Occupy Oakland will go down as one of the most controversial populist movements in history. One of Occupy’s first acts, before it even officially became a thing, was to unofficially rename Oakland’s Frank Ogawa Plaza after Oscar Grant, the 22 year-old Hayward resident killed by a BART cop two years earlier. While the renaming was intended to show solidarity with the social justice, police accountability, and racial equality activists who had protested Grant’s death and shooter Johannes Mehserle’s legal proceedings for some 21 months, organizers neglected to get the blessing of the Grant family. Some people of color found the tribute condescending – a foreshadowing of the deep division which was to take place among POC activists and Occupiers.
Like a stage play, the saga of Occupy Oakland comprises three acts: the first being the establish- ment of the encampment, leading up to the OPD raid on Oct. 25. The second act commences with the Occupy response to the raid and a groundswell of popular support, which peaks with a General Strike and march on the Port of Oakland, and ends with the second clearing of the encampment by police. The third act begins on a high note, with a second, successful shutdown of the Port, then traverses a downward spiral toward the self-imploding actions of May Day.
Part comedy, part tragedy, and part drama, Occupy at its best was pure street theater, an idealistic, precociously progressive, utopian quasi-society which nearly ushered in a return to hippie anti-authoritarian counterculture, yet in the end proved completely unsustainable. At its nadir, however, it resembled a predictable and tired rehashing of anarchists vs. cops memes modeled after Eastern European uprisings and Seattle’s WTO clashes.
Act 1: A vision for a new democracy emerges
Occupy began on October 10, 2011 , with a rally in the Plaza that attracted a crowd of about 2,000. Labor union members, teachers, and healthcare workers bolstered an audience of curious, liberal-leaning John and Martha Q. Publics, along with a fair smattering of disenfranchised Americans—some of whom had lost their jobs, others their houses, and still others, their life savings. Because this was Oakland, the audience was more diverse and multicultural than its NY counterpart and had a basic understanding of issues like foreclosure and economic inequality.
Within hours of the first rally, a food station was established, to be followed in short succession by a kid’s area, library, media tent, and medical tent. Later that evening, as light mists of precipitation fell, Occupy would hold its first General Assembly establishing its democracy by consensus model and microphone-less call-and response speaker format, which always began with the words, ‘mic check.’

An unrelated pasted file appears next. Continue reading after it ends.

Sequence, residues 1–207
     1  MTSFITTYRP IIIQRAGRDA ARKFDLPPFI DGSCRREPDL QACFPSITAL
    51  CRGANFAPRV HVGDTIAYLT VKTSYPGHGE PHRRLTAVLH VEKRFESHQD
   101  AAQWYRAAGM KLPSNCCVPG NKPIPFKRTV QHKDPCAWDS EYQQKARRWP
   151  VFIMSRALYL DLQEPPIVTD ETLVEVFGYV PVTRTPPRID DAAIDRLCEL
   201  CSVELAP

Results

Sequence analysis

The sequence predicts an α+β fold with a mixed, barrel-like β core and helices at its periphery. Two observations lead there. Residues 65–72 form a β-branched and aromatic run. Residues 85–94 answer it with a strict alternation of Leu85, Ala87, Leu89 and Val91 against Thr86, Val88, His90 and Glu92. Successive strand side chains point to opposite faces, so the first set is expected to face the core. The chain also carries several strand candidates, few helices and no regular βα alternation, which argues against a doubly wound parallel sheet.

By the conclusion of the first GA, a few tents had already been set up. More came later that night, and still more the following day. Within a 24-hour period, some fifty tents dotted the Plaza’s grassy plateau.
The first few days of Occupy were heady, even idyllic. The tent city swelled to 150 tents and there was a constant stream of activity within the Plaza, anchored by the food table, which served up as many as 1,000 meals a day. Speakers, live performers, activities and workshops lent a sense of purpose. Local broadcast media soon made its presence known, if not embraced. None of the Occupiers were particularly media-savvy, and folks tended to see the TV cameras as extensions of corporate spin factories, the very embodiment of 1%-fueled hubris.
Occupy’s presence brought scores of residents into the downtown area to hear what was being said at GAs or to listen to speakers ranging from Danny Glover to the three American travelers recently freed from detention in Iran. Some nearby bars and restaurants experienced a surge in business (though others complained business was down), and downtown no longer felt dead. The camp became a real community and was a pleasant place to hang out during the day. Late at night, the vibe turned a little sketchier, with late-night raves and rumors of drug use.
Initially, the city of Oakland was supportive of the Occupy camp, or at least the mayor and some of the Council were. But city staff and Alameda County officials dispatched to negotiate with Occupy organizers were rebuffed; health services, the fire department, the mainstream media, and OPD were all denied access into the camp, although that didn’t stop TV crews from covering the open-air spectacle. Like Garbo, the Occupiers wanted to be left alone, but they also wanted our attention. Occupy’s media team seemed more intent on self-documentation than coordinating press coverage; PR communiqués were posted on OO’s website and not distributed to press outlets, which meant they were often summarily ignored.
The camp continued to grow, being populated by increasing numbers of homeless people, some of whom were mentally ill and/or had substance abuse issues. Rumors began to circulate about an imminent raid by OPD, which took place on Oct. 25, during the wee hours of the morning. OPD used water cannons — and, unconfirmed reports say, a sonic weapon called an L-RAD– to rouse the camp, before evicting tent city occupants by force, making more than 100 arrests. But that initial show of physical tactics was nothing like what was to come.